On the day that Jesus walks by the pool, he meets a man who has been an invalid for thirty-eight years. Thirty-eight years this man has spent under those five roofed colonnades, waiting for the beginning of the rest of his life. We might imagine him, years earlier, hopeful and young, a man willing to suffer whatever necessary injury in his crawl toward the waters. But on the day that he meets Jesus, he is remarkably older and noticeably more lethargic. Jesus’ first question to him is a strange one: “Do you want to be healed?” (Jn 5:6).
Jesus had never needed to ask blind Bartimaeus if he wanted to see. Jesus had never needed to ask the bleeding woman, after she’d touched his robe, if she wanted to be made well. But here he is asking a man, lying on a mat with a pair of raisin legs, if he wants to walk. The man’s answer, of course, reveals why the question needed asking: “Sir, I have no one to put me into the pool when the water is stirred up, and while I am going another steps down before me.” What’s clear from the passage is not just this man’s failure to get into the pool but his unwillingness to take responsibility for that failure.
Eighteenth-century Bible commentator Matthew Henry makes this observation: “The angel stirred the water, but left the diseased themselves to get in.” This man wanted grace to stir the pool—and grace to do his walking. But Jesus would not abide that kind of soul paralysis: “Get up, take up your bed, and walk. And at once the man was healed ” (Jn 5:8-9).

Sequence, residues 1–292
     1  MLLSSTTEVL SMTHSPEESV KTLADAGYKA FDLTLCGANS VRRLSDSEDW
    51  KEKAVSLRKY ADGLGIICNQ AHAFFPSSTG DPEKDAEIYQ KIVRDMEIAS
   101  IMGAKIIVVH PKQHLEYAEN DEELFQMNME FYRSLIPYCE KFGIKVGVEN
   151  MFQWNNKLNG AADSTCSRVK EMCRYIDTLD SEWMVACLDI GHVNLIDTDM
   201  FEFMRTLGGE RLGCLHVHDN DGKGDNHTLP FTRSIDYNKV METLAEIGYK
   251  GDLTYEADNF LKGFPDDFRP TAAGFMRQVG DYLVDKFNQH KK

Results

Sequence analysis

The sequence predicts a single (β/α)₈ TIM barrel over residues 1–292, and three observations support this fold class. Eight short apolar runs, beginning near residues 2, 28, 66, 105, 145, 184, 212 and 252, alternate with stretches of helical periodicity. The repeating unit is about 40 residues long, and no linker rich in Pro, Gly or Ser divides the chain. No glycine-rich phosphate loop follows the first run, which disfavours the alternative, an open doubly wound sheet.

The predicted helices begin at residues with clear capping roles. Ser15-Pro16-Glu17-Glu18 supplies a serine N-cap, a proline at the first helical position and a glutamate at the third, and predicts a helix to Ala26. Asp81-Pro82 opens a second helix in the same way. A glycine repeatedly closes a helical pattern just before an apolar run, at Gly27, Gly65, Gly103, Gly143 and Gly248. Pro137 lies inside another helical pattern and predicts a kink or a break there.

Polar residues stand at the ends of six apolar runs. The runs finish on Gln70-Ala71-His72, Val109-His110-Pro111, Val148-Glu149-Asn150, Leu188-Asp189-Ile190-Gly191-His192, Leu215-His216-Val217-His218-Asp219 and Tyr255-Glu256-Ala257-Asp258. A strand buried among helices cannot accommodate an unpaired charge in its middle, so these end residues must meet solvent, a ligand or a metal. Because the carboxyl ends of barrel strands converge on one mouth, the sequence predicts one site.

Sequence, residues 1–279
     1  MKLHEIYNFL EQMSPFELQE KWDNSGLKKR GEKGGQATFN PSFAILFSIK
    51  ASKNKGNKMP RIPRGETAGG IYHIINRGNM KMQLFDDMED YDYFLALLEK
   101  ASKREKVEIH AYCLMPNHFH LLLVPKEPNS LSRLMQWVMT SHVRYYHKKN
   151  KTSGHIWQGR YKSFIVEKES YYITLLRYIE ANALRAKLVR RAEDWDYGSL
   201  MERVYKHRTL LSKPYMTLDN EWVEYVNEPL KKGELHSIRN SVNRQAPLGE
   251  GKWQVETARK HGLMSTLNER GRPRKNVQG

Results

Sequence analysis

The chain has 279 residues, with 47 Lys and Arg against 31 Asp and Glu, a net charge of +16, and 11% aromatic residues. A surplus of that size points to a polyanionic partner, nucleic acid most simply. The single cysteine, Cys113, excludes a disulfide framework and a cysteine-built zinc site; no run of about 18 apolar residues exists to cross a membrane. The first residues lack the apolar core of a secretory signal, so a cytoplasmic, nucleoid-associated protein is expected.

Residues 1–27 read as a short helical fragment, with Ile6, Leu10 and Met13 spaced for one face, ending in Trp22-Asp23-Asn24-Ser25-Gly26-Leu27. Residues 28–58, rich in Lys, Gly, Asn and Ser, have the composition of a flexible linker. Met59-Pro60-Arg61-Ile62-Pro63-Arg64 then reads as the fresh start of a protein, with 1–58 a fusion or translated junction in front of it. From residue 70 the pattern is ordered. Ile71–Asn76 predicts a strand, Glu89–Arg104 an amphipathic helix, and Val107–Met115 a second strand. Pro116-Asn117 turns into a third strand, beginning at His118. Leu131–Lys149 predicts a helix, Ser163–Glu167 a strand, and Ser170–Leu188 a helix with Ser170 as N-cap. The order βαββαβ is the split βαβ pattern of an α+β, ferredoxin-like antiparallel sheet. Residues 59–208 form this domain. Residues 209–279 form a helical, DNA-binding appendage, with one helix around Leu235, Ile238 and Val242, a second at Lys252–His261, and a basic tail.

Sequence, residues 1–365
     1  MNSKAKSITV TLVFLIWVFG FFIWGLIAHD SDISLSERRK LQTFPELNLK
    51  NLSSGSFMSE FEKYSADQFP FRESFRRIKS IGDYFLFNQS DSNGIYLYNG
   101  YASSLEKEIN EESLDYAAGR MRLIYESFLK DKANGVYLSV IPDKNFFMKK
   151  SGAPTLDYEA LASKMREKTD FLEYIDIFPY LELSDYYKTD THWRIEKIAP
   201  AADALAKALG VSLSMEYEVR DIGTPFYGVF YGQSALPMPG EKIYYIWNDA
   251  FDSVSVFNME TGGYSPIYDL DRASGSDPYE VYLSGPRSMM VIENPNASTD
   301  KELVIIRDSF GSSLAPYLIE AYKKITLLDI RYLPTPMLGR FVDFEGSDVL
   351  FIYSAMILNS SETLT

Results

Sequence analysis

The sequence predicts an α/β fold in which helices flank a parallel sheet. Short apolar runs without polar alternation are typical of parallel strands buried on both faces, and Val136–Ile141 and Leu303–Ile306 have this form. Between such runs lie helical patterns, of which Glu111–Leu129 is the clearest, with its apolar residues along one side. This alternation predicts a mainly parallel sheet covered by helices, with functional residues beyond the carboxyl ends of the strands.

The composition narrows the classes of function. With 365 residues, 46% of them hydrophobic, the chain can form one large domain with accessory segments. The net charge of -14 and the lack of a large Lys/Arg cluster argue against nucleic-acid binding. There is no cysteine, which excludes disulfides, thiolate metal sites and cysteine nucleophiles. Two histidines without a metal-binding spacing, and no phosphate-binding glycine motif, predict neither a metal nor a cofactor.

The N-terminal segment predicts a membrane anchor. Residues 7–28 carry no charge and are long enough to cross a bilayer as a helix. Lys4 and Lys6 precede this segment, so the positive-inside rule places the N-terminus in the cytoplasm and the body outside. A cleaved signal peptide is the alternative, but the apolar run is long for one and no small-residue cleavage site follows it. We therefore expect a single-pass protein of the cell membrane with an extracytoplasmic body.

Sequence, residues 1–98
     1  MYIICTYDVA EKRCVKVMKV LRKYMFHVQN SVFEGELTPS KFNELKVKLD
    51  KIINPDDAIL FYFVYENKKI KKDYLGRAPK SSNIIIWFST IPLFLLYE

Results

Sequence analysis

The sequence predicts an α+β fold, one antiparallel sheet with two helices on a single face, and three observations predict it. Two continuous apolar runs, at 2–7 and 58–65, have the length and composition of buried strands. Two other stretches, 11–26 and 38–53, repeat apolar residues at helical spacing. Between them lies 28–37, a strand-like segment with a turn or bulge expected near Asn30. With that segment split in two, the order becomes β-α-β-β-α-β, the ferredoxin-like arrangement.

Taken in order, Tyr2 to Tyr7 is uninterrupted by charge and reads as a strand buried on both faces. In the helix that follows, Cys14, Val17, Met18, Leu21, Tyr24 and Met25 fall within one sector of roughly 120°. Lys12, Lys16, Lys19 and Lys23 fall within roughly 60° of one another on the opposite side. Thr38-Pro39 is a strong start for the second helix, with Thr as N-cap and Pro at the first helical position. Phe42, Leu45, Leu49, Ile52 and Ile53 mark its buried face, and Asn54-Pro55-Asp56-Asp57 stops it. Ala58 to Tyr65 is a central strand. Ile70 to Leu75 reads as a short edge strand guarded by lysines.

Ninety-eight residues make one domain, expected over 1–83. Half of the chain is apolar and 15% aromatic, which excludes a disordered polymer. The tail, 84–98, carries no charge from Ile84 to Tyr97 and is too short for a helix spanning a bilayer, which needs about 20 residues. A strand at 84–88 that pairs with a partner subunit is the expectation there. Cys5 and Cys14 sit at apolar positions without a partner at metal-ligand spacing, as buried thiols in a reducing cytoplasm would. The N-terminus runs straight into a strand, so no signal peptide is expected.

Spiritual response, said Jesus, is an easy yoke and a light burden, which is to say something lightweight and yet something to be carried nonetheless. Perhaps we could think of the work of the Levites during the forty years of wilderness wandering. By God’s initiative of grace, he had declared his intent to dwell in the midst of his people, giving them instructions for building his “house.”
WILL WE ENTER THE WATERS?
Worship is always God’s gracious invitation to his people. But to really imagine the tabernacle, though, is to acknowledge the laborious work required for transporting this mobile house of worship. The cloud would stop, the Israelites would camp, and the Levites would be tasked with arranging all the furniture of God’s house according to specification.
Then three days or three months or three years later, the cloud would lift, the Israelites would pack bags, and the Levites would be left to dismantle the crossbars and frames, the goatskin coverings, the embroidered curtains, the altar, the table of incense, the lampstand, the ark.
While the rest of the Israelites had backpacks and roller bags, the Levites had heavy trunks to carry—and the trembling fear of doing it right. The tabernacle was, in a metaphorical way, the Levite’s easy yoke and light burden.
We too have things to carry even if we have no trembling fear. Do you want to be healed? The gospel invites us to “with confidence draw near to the throne of grace, that we may receive mercy and find grace to help in time of need” (Heb 4:16). The pool has indeed been stirred by Christ, and with his gracious help, we will walk toward it.
Taken from Surprised by Paradox by Jen Pollock Michel. Copyright (c) 2019 by Jen Pollock Michel. Published by InterVarsity Press, Downers Grove, IL. www.ivpress.com.
Jen Pollock Michel is the author of Teach Us to Want and Keeping Place, both published by InterVarsity Press with video curriculum available from RightNow Media. She is a regular contributor for Christianity Today and Moody Bible Institute's Today in the Word. A wife and mother of five, Jen lives in Toronto, Canada.